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Whiting insists Ferrari's hybrid system is legal

NEWS STORY
25/07/2018

Be it sour grapes at the realisation that its reign is coming to an end, Mercedes remains dubious as to how Ferrari has not only caught up with it but is now regularly showing a clean pair of heels - Toto Wolff claiming the red cars were half-a-second quicker on the straights in Germany.

Like its rivals, Ferrari recently introduced an engine upgrade, however, unlike its rivals it appears to have made a significant difference.

Along with the obvious increased pace Sebastian Vettel and Kimi Raikkonen are enjoying, the Haas now appears to be best of the rest - even if the American outfit isn't making the most of its new found advantage in terms of points - and Charles Leclerc is regularly getting the Sauber into Q3.

The FIA, following doubts cast on the engine even before the upgrade, has regularly checked the unit, and reports that it is satisfied, but still the likes of Mercedes and Renault are unhappy.

"We know we have a power deficit, which up until now was against Mercedes," Cyril Abiteboul told Motorsport.com. "They are still here but we see indeed that Ferrari has taken the upper hand, so congratulations to Ferrari in that battle, which is more a technical battle, but less visible. The step that they have done is amazing.

"It's a step that they have done to a certain degree that does not go with a hardware introduction," he added, "it's also a step that we see across all three teams, not just Ferrari, which is not necessarily a battle for us, but also Haas and Sauber, which are more of a battle for us.

"Clearly we are scratching our heads, because we look in particular at the GPS profile, and we see indeed that it's really strange what they are doing," he admitted. "But doing something strange doesn't mean that it's illegal. I think we must give credit to what they have done, and that should be an extra commitment to work harder, and try and do the same step on our side."

Only yesterday, speaking in Germany, Toto Wolff admitted his concern, albeit in the most roundabout of ways.

"If someone, and I'm not saying somebody is, because the fact is I don't know, we are not in anybody's engine, we are not in anybody's bodywork, but if someone were prepared to risk his reputation then there is very little possibility to police that," said the Austrian.

"You need to rely on the integrity of people and organisations, and we do that," he insisted, according to ESPN. "At the end of the day with all the scepticism and paranoia that has always existed in Formula One we rely on the integrity of the FIA, we rely on the integrity of our competitors, because that's the only way we can go racing on a Sunday.

"What we've seen is that on racetracks that should have suited us - Silverstone and Hockenheim - they had a car that was very good on the chassis side and a power unit that was the benchmark in the field," he continued. "The only reaction we can have to that is not to say 'What are they doing?' but the reaction should be 'What can we do in order to accelerate our own development program?'.

"My mind-set is really that everybody is respecting the integrity (of the regulations) because that is the only way we can go racing. If you doubt that, then the whole sport would have a problem, and I don't."

However, the FIA's race director, Charlie Whiting insists that the Italian team is not doing anything outside the rules.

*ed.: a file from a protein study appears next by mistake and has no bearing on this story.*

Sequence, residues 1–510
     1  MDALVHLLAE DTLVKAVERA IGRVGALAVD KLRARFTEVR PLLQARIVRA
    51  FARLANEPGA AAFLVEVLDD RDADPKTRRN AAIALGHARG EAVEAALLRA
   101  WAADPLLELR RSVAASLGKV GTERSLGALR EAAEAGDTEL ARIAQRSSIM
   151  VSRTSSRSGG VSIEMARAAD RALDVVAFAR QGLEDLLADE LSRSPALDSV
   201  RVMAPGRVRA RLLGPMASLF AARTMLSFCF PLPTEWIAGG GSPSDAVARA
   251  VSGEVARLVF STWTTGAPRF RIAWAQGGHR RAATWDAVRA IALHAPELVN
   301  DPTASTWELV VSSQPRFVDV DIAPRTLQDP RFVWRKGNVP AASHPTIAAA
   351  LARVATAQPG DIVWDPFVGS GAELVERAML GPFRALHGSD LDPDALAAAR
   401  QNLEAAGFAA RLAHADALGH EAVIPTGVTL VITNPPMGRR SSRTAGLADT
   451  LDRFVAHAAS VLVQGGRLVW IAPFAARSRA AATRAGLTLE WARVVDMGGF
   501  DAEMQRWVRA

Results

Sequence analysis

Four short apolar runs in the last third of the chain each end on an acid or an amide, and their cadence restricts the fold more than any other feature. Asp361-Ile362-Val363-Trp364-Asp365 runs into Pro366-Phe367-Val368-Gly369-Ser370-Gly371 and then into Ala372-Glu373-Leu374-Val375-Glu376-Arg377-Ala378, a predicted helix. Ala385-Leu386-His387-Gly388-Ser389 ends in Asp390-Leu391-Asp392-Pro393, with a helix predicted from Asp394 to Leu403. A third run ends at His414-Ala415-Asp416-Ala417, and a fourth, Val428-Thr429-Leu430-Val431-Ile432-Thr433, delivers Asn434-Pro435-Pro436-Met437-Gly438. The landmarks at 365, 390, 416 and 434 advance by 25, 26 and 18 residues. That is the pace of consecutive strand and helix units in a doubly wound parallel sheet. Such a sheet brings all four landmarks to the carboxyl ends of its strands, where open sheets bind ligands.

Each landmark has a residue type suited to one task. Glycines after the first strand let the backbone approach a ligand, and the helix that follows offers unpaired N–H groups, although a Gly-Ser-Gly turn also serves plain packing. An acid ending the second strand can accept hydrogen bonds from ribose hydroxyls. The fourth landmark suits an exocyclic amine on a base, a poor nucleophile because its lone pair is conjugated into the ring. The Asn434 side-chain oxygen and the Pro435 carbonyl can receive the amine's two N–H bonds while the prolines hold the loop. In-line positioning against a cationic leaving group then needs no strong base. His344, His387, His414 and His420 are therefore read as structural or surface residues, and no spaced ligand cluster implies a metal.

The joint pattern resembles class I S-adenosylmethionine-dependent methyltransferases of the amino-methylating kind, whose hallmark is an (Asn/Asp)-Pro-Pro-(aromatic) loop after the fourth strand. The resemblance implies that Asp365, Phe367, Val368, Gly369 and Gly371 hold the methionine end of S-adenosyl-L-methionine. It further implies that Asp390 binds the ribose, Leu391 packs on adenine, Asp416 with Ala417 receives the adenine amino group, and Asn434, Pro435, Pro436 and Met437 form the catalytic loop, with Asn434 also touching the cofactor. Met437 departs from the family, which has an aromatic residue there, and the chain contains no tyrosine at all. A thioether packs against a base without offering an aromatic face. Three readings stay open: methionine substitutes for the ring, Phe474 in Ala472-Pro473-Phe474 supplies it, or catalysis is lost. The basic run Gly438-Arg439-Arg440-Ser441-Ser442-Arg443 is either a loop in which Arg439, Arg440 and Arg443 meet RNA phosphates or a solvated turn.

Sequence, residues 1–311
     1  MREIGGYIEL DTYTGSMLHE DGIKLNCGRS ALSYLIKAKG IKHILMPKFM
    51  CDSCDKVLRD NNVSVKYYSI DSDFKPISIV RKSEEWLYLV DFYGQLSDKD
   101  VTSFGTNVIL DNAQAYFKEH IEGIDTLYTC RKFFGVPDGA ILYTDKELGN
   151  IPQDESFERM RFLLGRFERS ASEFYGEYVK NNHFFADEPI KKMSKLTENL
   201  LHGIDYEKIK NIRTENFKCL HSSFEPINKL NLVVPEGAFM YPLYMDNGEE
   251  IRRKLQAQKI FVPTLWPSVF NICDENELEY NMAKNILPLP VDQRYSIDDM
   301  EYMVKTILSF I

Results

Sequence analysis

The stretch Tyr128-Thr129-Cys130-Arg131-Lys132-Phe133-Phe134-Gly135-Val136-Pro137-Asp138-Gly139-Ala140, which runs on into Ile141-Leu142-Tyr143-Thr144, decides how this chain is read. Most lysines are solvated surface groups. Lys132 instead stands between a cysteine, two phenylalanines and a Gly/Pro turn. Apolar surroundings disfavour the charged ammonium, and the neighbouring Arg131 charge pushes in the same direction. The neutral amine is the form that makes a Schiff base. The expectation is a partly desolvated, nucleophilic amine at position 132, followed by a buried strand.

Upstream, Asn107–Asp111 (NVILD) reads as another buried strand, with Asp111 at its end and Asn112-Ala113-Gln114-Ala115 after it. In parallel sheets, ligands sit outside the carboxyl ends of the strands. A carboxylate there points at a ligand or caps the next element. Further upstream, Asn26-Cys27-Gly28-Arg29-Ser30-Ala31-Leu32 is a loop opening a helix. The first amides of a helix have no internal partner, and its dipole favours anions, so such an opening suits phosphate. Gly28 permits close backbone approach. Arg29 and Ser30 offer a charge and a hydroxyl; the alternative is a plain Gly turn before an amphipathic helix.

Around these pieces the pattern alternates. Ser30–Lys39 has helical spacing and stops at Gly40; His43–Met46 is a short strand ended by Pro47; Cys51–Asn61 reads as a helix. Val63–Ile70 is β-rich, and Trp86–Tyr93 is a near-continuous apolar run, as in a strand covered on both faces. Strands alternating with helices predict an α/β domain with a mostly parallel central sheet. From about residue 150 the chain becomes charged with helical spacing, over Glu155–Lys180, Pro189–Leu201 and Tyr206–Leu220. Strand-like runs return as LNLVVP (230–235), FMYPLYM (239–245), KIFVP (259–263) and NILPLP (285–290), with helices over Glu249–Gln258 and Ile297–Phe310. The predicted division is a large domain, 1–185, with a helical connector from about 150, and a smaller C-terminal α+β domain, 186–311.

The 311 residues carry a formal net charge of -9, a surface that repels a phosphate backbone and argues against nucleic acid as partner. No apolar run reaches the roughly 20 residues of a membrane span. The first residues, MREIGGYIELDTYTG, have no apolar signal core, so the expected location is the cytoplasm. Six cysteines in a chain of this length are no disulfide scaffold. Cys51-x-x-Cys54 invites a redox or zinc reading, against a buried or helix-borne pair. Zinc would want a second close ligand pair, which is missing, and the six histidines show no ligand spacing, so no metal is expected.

"We are entirely satisfied with everything on that front, as we said in Monaco," he said, according to Motorsport.com. "Some teams have been asking further question and we were just there to try and help them have some peace, if you like."

Though it is not clear, it is thought Ferrari's hybrid system includes twin batteries as opposed to just one, whereby one is harvesting energy as the other is delivering.

Asked if Mercedes is seriously questioning the system's legality or in fact seeking information for its own development, Whiting replied: "Those discussions are private. I don't think I should be telling you.

"If you want to talk to Mercedes, they'll tell you but I think what goes on behind closed doors should remain behind closed doors."

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1. Posted by Mad Matt, 26/07/2018 11:46

"Let me say first that I'm not an expert in battery technology but for a point of discussion: I'm not sure if one battery charging at the same time as the other is discharging is likely to give a huge advantage.

I'm trying to think when this might come into play:

Under braking I would have thought there'd only be charging.

Under acceleration, there's a lot of discharging, part of which will be to spin the turbo up. Could it be that once the initial acceleration phase is out of the way and the battery is still providing power to the wheels the other battery can get a charge from the now spinning turbo?

While I believe the FIA have checked that Ferrari don't deploy more than the allotted electrical power perhaps the harvesting in the latter stages of acceleration means they can deploy for longer and can recharge more quickly?

On the other hand aren't they obliged to flash the rear light when harvesting so it would be obvious if they were harvesting at odd times. Or is the light only required when the MGU-K is harvesting?

Of course the second battery could just be for the convenience of packaging and the gains could be coming from some other clever technique. They might have optimistically added it to the hardware but only activated it later once they were sure it didn't blow the engine......."

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